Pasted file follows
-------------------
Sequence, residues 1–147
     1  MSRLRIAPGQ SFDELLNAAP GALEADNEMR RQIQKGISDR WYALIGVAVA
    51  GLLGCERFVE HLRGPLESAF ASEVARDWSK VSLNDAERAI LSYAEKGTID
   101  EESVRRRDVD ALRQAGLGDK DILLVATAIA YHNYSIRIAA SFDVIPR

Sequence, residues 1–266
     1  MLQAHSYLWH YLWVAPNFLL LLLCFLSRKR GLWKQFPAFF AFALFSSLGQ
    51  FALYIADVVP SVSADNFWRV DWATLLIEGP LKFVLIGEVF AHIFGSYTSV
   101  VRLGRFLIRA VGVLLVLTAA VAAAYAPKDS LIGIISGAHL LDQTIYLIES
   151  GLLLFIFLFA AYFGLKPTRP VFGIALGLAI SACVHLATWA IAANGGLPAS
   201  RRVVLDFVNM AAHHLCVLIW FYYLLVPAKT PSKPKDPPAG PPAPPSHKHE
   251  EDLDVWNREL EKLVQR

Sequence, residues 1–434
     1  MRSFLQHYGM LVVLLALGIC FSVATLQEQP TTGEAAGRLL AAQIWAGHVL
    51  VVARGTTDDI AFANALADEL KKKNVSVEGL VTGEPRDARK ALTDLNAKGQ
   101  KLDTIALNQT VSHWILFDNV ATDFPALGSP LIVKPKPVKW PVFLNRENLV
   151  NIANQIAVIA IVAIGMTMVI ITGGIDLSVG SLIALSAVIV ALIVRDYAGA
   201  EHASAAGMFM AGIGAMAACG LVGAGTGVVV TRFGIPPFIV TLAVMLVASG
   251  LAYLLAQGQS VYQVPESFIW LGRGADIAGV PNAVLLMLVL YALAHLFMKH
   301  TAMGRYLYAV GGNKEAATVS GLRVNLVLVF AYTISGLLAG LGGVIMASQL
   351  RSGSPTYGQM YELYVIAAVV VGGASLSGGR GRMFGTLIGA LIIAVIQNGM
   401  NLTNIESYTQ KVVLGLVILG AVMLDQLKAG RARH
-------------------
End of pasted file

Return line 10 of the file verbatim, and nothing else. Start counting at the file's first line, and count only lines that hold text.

   201  RRVVLDFVNM AAHHLCVLIW FYYLLVPAKT PSKPKDPPAG PPAPPSHKHE